Home > Growth, Labour Market, Unemployment > Pros and Cons of moving production overseas

Pros and Cons of moving production overseas

February 20, 2013 Leave a comment Go to comments

outsourcingBy the 1980’s the production of many manufactured goods started to gravitate from developed countries to those of developing status. The main driver for manufactured firms has been the lost-cost labour and as the market environment has became more and more competitive new factories opened up in Mexico, China, Thailand and many eastern European countries. As reported in The Economist, Jack Welch the CEO of General Electric said that ‘factories should be built on barges so they could be floated around the world to take advantage of economies of scale and exchange rate fluctuations.’

Perceived benefits of overseas production

* workers in low-cost countries had jobs and rising living standards
* local workers can leave more menial jobs to overseas workers – eg Polish builders in London – Russian service sector workers in Ireland.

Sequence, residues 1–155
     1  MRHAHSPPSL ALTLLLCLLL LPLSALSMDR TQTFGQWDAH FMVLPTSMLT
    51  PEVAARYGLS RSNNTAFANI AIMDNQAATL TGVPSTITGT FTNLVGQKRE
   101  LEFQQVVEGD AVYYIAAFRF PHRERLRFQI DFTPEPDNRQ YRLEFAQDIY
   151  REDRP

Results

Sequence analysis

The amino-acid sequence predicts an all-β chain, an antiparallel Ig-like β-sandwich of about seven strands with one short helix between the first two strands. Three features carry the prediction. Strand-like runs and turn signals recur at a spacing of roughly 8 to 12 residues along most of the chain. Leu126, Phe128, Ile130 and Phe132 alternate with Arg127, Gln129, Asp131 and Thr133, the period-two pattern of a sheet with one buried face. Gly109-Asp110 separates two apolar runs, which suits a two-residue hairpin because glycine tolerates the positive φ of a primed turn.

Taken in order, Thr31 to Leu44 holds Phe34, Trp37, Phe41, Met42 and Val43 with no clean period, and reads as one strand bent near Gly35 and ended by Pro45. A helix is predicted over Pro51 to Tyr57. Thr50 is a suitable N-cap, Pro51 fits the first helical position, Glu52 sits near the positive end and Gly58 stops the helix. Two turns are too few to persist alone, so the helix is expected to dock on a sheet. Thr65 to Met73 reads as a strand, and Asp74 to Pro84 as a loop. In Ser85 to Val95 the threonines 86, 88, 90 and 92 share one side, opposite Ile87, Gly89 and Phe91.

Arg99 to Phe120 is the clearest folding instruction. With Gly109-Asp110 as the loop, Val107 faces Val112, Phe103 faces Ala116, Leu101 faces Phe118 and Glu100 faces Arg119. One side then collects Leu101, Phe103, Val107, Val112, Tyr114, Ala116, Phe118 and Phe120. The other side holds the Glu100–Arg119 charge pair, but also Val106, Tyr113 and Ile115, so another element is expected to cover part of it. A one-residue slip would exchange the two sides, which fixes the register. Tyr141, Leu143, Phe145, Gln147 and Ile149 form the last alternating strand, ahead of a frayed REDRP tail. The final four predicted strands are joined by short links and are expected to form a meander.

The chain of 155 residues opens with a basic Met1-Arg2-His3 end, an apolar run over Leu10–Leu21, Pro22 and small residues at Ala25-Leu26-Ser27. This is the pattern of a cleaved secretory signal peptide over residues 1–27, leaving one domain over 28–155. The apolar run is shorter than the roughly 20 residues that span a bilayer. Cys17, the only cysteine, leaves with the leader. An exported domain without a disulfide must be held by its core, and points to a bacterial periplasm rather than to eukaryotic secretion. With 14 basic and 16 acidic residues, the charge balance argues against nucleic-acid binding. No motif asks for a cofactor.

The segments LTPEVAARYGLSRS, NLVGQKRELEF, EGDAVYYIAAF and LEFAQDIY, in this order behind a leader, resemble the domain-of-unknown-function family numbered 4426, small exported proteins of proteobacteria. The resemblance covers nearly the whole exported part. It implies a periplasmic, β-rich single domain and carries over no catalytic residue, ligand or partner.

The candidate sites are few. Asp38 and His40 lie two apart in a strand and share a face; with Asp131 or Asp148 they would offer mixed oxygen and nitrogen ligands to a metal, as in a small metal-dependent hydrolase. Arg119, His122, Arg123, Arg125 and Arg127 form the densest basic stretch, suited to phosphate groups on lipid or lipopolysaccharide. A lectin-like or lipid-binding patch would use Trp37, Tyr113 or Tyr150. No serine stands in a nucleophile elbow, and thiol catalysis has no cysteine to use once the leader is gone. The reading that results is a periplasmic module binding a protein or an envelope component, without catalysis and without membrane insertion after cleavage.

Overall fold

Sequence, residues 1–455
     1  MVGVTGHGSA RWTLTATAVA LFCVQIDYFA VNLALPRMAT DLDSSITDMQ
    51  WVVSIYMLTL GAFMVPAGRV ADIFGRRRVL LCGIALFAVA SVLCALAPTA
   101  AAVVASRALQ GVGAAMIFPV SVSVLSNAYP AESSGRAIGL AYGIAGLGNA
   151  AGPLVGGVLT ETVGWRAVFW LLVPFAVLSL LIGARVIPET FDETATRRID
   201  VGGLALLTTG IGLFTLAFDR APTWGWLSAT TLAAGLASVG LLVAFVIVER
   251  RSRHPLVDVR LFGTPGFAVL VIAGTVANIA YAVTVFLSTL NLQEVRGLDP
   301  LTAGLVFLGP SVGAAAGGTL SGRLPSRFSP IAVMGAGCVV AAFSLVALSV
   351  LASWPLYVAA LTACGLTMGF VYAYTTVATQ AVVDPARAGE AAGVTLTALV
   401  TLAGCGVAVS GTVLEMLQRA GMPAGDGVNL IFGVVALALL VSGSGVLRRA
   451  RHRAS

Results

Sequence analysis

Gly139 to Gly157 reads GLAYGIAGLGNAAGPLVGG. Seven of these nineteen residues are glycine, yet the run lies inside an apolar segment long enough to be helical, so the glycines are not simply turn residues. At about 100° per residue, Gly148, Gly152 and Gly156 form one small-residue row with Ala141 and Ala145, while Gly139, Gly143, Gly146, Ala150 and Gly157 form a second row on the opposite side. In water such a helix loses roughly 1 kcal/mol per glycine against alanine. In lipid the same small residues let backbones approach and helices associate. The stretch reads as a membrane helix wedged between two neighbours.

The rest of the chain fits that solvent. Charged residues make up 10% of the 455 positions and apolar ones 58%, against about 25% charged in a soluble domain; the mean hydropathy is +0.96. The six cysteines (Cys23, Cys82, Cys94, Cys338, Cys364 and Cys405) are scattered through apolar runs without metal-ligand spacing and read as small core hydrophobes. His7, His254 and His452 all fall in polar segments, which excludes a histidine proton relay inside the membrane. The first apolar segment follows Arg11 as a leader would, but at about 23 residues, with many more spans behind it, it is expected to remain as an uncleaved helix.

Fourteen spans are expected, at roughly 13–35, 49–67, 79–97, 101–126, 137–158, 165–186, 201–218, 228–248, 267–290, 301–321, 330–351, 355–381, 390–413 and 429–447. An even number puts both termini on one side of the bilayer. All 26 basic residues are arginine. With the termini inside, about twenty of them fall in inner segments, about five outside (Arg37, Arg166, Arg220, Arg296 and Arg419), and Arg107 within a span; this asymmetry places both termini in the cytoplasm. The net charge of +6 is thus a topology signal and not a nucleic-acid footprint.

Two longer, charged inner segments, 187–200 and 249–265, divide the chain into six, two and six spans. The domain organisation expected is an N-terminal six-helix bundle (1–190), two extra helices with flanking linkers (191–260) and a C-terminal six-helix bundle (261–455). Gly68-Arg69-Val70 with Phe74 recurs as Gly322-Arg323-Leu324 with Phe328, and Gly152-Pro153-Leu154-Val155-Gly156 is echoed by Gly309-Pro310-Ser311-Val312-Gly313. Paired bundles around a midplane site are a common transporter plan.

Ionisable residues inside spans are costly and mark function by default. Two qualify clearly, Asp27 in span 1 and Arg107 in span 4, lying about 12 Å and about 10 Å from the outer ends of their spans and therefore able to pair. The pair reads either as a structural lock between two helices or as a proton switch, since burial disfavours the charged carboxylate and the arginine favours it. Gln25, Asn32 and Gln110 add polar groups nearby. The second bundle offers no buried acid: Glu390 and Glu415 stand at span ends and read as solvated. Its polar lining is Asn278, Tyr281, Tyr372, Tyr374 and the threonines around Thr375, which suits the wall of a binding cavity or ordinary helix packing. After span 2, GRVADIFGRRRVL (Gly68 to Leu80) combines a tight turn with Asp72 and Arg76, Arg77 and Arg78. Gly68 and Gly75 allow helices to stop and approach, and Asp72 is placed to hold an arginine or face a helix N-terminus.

Perceived costs of overseas production

* job losses in developed countries especially for manual workers. Economist Alan Binder estimated that 40 million American jobs could go to the emerging economies.
* it has become a major concern of workers in developed countries especially with the growth of the Internet. A significant amount of IT service jobs can easily be done in countries like India, Philipines etc.

Change of thought after GFC

Since the start of the GFC in 2007 unemployment has soared in a lot of Western countries reaching well over 20% in some countries. This has made the general public more sensitive to jobs going overseas and ultimately has led companies thinking twice about departing their shores. Politicians have also showed discontent at companies looking to relocate overseas although the staff of German company Siemens agreed to increase the working week from 35-40 hours for no extra pay after the company had threatened to shift the production of mobile phones to Hungary.

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